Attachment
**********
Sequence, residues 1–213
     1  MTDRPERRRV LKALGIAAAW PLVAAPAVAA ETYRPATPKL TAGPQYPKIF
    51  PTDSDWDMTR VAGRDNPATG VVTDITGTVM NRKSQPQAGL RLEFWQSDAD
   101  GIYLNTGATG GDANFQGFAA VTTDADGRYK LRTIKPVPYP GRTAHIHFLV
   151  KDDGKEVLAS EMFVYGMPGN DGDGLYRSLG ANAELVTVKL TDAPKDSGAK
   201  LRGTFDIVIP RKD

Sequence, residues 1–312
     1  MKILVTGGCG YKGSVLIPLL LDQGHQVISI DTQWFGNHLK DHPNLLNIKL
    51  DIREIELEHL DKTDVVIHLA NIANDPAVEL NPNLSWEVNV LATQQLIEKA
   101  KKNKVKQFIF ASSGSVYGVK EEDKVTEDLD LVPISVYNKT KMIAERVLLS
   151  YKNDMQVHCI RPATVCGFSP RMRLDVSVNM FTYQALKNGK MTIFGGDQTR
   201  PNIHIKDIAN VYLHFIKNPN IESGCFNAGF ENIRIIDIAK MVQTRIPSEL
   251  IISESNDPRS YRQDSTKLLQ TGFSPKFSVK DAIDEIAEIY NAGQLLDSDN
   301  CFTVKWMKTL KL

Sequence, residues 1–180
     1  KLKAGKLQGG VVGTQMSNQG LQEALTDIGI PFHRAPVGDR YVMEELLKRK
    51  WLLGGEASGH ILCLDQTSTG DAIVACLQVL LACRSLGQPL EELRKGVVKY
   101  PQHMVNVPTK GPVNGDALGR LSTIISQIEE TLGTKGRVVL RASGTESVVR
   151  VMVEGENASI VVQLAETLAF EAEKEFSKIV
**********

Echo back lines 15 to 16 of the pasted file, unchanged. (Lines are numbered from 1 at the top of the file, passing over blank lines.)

Sequence, residues 1–180
     1  KLKAGKLQGG VVGTQMSNQG LQEALTDIGI PFHRAPVGDR YVMEELLKRK